Now on to happier things:
Because we haven’t worked a ton, we have been doing a lot of fun activities. One weekend everyone on the ship was invited to the wedding of a crew member who is from Benin but has been working on the ship for several years. It was interesting, but definitely not my cup of tea. First, there is the civil wedding at the court house, and it took a long time to start. Then it was all in French, so we just sat there. Then, we went to the church wedding where there were so many people, at least 100 from the ship. That was also super long. Someone translated to English, but the microphones were so bad, I couldn’t understand any of it, so I just stopped listening. By the end our carload of 9 people was too tired to go to the reception, so we went back to the ship. Even without going to the reception, we were gone like 5 hours. Oh yeah, and on top of giving a money gift to the couple, we were asked at the court to make an offering to the courthouse and then again at the church to make an offering to the church, but the couple stood there taking the money, so it was weird. It seemed like people were giving to them, but they were actually giving to the courthouse or church so I didn’t understand why people kept going to the front to give anything. I was very confused.
One Sunday a group of 9 of us went to Bab’s Dock, which is the closest thing to a resort here. It was a very bumpy 1.5 hour drive on Unnamed Road (according to Google Maps) along the beach to the dock. At the dock a boat on this little lake picks you up and takes you through some mangroves to the place, which is a restaurant/bar/a few cottages/recreation area(they have canoes, a little playground, and a volleyball net in the water but we were told its unsafe to go into the water of this lake because of diseases or parasites or something). So we just chilled, canoed, ate, played games. It was great. A very relaxing day. When we left, we stopped at one of the beaches and watched the huge waves.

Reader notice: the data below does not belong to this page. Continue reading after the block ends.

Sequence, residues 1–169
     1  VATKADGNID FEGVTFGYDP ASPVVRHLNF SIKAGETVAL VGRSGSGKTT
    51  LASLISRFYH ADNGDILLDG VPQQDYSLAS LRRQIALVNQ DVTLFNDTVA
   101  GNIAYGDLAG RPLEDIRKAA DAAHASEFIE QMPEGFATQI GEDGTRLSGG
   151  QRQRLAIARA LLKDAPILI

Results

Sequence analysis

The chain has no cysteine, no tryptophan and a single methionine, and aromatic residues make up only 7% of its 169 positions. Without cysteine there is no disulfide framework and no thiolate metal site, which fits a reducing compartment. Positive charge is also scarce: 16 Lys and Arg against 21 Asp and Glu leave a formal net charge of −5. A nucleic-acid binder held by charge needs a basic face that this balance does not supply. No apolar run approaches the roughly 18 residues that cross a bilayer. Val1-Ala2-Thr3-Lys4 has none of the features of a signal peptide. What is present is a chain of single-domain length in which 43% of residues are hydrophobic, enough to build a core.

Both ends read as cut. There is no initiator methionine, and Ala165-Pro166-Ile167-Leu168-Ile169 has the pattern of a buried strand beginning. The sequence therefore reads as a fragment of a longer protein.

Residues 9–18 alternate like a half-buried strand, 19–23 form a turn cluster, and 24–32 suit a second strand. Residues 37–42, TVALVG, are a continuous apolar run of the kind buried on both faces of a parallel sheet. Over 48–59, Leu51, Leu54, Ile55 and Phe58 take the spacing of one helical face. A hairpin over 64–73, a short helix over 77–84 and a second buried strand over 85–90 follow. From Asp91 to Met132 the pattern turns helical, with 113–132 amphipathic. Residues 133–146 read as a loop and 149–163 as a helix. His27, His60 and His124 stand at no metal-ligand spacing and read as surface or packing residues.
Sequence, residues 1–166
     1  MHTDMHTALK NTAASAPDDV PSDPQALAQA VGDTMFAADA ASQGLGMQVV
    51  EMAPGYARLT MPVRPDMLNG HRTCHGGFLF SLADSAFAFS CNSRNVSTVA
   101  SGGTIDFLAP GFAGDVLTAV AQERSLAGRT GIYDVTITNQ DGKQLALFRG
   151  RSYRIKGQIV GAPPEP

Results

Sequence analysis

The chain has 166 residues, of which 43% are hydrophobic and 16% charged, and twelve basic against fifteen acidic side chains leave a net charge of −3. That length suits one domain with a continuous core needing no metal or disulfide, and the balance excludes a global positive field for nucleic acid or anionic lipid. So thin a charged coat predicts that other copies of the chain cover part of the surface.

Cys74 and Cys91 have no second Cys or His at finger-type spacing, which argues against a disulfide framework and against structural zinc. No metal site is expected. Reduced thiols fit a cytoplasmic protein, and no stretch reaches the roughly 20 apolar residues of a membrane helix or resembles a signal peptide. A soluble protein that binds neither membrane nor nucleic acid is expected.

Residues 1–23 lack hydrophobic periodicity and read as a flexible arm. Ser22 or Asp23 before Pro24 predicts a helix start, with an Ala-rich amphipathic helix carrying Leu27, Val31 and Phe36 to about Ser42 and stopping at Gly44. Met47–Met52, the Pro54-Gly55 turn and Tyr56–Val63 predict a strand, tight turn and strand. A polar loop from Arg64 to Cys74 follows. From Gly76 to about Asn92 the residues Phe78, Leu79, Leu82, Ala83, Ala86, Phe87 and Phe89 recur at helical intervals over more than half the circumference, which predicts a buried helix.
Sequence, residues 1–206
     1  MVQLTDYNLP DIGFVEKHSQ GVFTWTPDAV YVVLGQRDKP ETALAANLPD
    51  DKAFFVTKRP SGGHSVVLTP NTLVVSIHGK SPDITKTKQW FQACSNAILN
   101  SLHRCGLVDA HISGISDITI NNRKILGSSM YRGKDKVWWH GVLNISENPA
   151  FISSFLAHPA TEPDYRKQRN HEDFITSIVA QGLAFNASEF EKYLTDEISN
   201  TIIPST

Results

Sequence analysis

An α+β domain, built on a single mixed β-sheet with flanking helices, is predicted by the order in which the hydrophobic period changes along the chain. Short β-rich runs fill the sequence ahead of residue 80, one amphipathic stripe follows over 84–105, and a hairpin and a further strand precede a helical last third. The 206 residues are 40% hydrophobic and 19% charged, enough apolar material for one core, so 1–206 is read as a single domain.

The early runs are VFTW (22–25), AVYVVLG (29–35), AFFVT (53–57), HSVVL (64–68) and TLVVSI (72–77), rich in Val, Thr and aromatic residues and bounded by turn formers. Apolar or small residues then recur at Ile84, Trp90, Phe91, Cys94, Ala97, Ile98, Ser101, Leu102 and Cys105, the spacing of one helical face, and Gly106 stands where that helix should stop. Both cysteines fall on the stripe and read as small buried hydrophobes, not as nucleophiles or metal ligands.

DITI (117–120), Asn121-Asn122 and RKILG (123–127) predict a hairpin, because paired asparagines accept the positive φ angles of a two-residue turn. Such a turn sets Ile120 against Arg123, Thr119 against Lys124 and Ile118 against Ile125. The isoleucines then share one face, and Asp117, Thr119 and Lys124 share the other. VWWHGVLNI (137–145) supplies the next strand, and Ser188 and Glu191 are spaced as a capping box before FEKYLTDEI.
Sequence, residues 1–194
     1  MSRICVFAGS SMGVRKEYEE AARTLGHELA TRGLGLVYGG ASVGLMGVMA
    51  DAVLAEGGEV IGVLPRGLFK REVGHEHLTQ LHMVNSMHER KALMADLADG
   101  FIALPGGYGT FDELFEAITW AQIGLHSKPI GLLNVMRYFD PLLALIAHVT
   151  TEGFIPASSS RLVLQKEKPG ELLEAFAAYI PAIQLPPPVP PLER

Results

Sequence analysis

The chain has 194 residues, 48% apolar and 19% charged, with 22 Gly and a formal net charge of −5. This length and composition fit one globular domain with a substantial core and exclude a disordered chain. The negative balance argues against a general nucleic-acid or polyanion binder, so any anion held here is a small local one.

Another weekend I put together a Board Game Olympics since I’m a nerd, but other people were nerds with me. Ten of us played 4 different games, and we scored a certain amount of points for each 1st, 2nd, and 3rd and totaled them. I won but it was pretty close.
Then a couple nights ago I hosted a Murder Mystery Dinner Party at the Team House. It took a TON of planning, and I couldn’t have done it without the help of my two awesome roommates who did all the cooking, and they also participated of course. There were 20 of us. The theme was Cold War Britain in 1965 at a college where a girl who was possibly a spy was murdered. Everyone played different characters, many of whom were spies. It also helped that everyone got really into it. They dressed up and got in character. And it was perfect at our huge house. Everyone was able to stay all in one room most of the time and still have private conversations. If you ever have the opportunity to do a murder mystery, I recommend it, but do research first. A lot of the ones you buy are pre-scripted which is lame. This one people had goals and people they needed to talk to, and everyone knew different things pertaining to the murder and other storylines.